Scholarly article on topic 'The regulation of oncogenic Ras/ERK signalling by dual-specificity mitogen activated protein kinase phosphatases (MKPs)'

The regulation of oncogenic Ras/ERK signalling by dual-specificity mitogen activated protein kinase phosphatases (MKPs) Academic research paper on "Biological sciences"

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{"MAP kinase" / "Extracellular signal-regulated kinase" / "MAP kinase phosphatase" / "Dual-specificity phosphatase" / " DUSP5 " / " DUSP6/MKP-3" / "Ras oncogene"}

Abstract of research paper on Biological sciences, author of scientific article — Andrew M. Kidger, Stephen M. Keyse

Abstract Dual-specificity MAP kinase (MAPK) phosphatases (MKPs or DUSPs) are well-established negative regulators of MAPK signalling in mammalian cells and tissues. By virtue of their differential subcellular localisation and ability to specifically recognise, dephosphorylate and inactivate different MAPK isoforms, they are key spatiotemporal regulators of pathway activity. Furthermore, as they are transcriptionally regulated as downstream targets of MAPK signalling they can either act as classical negative feedback regulators or mediate cross talk between distinct MAPK pathways. Because MAPKs and particularly Ras/ERK signalling are implicated in cancer initiation and development, the observation that MKPs are abnormally regulated in human tumours has been interpreted as evidence that these enzymes can either suppress or promote carcinogenesis. However, definitive evidence of such roles has been lacking. Here we review recent work based on the use of mouse models, biochemical studies and clinical data that demonstrate key roles for MKPs in modulating the oncogenic potential of Ras/ERK signalling and also indicate that these enzymes may play a role in the response of tumours to certain anticancer drugs. Overall, this work reinforces the importance of negative regulatory mechanisms in modulating the activity of oncogenic MAPK signalling and indicates that MKPs may provide novel targets for therapeutic intervention in cancer.

Academic research paper on topic "The regulation of oncogenic Ras/ERK signalling by dual-specificity mitogen activated protein kinase phosphatases (MKPs)"

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Seminars in Cell & Developmental Biology xxx (2016) xxx-xxx

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Seminars in Cell & Developmental Biology

journal homepage www.elsevier.com/locate/semcdb

The regulation of oncogenic Ras/ERK signalling by dual-specificity mitogen activated protein kinase phosphatases (MKPs)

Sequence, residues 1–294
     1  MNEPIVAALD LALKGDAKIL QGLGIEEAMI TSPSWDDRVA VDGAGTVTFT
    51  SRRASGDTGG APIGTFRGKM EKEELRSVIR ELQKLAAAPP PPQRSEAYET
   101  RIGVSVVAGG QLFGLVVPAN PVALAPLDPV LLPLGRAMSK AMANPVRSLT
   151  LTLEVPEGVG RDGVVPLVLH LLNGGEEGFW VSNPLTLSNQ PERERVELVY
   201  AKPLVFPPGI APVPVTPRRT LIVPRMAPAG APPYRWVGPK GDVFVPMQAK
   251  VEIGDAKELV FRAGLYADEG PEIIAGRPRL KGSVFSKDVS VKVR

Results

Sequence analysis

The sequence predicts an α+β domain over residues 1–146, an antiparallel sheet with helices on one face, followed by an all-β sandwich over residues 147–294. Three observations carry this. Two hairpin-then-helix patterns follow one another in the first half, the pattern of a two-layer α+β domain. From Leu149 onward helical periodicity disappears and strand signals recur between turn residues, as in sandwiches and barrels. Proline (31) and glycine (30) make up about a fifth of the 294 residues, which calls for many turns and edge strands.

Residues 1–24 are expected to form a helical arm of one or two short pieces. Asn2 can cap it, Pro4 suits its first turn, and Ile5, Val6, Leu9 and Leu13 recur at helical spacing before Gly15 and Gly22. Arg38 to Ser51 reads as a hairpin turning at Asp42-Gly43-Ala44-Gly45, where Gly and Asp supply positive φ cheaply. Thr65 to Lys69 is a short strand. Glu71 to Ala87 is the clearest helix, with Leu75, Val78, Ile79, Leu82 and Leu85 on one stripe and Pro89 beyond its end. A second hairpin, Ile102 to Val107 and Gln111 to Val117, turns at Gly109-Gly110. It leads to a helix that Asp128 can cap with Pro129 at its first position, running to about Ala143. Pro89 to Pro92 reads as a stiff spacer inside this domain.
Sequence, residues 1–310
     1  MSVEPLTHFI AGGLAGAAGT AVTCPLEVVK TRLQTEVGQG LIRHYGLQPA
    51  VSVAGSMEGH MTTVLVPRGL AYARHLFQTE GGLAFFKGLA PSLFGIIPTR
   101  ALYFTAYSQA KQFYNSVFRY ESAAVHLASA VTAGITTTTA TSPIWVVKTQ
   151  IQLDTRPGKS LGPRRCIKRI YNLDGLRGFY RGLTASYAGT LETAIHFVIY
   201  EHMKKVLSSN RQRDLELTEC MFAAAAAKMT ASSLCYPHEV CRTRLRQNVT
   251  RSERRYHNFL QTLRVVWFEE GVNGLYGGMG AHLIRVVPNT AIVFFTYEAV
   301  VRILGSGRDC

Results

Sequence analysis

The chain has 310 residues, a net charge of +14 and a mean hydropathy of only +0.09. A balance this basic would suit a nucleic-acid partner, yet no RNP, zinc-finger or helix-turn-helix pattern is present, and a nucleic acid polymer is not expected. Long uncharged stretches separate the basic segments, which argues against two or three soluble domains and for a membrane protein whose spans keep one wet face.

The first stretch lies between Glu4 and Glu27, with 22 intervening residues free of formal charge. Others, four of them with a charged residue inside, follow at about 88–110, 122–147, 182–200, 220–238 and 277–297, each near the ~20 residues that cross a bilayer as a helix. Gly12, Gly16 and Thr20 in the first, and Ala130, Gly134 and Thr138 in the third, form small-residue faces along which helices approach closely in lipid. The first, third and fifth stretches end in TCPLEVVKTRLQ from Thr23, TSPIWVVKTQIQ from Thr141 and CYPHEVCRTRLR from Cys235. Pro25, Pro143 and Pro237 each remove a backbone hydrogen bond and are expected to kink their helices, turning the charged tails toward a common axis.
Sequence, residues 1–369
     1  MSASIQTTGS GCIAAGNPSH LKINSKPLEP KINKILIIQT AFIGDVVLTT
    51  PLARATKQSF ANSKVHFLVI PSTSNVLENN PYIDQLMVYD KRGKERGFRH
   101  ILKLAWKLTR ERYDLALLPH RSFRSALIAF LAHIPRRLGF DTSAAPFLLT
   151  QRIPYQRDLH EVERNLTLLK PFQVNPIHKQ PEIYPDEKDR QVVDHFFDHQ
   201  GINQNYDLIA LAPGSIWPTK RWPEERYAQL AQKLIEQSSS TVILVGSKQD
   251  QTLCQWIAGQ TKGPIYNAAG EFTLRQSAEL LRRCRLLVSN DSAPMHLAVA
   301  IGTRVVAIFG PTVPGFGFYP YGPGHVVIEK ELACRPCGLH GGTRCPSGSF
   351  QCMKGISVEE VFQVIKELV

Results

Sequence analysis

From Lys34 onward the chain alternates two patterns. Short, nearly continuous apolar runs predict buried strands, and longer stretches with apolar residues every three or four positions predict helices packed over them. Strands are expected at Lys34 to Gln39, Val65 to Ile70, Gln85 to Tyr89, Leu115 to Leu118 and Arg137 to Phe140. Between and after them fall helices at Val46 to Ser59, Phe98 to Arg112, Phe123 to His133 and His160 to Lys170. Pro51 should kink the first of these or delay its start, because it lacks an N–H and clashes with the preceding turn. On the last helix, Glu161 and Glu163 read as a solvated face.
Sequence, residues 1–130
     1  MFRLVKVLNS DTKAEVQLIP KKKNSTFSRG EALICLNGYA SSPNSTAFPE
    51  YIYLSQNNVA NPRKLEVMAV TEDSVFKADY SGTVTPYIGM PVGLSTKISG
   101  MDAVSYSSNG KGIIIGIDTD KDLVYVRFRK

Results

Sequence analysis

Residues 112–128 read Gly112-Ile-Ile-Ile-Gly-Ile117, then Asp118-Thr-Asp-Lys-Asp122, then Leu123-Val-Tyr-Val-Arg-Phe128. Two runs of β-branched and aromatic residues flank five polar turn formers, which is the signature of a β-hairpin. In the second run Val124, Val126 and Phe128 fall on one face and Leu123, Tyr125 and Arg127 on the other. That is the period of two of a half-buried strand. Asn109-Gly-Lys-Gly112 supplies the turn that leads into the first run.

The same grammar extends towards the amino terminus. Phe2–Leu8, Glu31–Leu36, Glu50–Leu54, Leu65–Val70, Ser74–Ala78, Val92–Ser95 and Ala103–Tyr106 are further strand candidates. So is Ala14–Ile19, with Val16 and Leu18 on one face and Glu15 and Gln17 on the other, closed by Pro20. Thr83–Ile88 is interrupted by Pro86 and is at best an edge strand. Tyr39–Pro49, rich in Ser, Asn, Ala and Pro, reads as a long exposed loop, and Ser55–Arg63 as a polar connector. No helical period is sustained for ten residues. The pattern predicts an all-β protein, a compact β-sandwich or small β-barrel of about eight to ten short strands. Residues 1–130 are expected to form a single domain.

Andrew M. Kidger, Stephen M. Keyse *

CR-UK Stress Response Laboratory, Division of Cancer Research, Jacqui Wood Cancer Centre, Ninewells Hospital & Medical School, Dundee DD! 9SY, UK

ARTICLE INFO

ABSTRACT

Article history: Received 6January 2016 Accepted 6 January 2016 Available online xxx

Keywords: MAP kinase

Extracellular signal-regulated kinase MAP kinase phosphatase Dual-specificity phosphatase DUSP5

DUSP6/MKP-3 Ras oncogene

Dual-specificity MAP kinase (MAPK) phosphatases (MKPs or DUSPs) are well-established negative regulators of MAPK signalling in mammalian cells and tissues. By virtue of their differential subcellular localisation and ability to specifically recognise, dephosphorylate and inactivate different MAPK isoforms, they are key spatiotemporal regulators of pathway activity. Furthermore, as they are transcriptionally regulated as downstream targets of MAPK signalling they can either act as classical negative feedback regulators or mediate cross talk between distinct MAPK pathways. Because MAPKs and particularly Ras/ERK signalling are implicated in cancer initiation and development, the observation that MKPs are abnormally regulated in human tumours has been interpreted as evidence that these enzymes can either suppress or promote carcinogenesis. However, definitive evidence of such roles has been lacking. Here we review recent work based on the use of mouse models, biochemical studies and clinical data that demonstrate key roles for MKPs in modulating the oncogenic potential of Ras/ERK signalling and also indicate that these enzymes may play a role in the response of tumours to certain anticancer drugs. Overall, this work reinforces the importance of negative regulatory mechanisms in modulating the activity of oncogenic MAPK signalling and indicates that MKPs may provide novel targets for therapeutic intervention in cancer.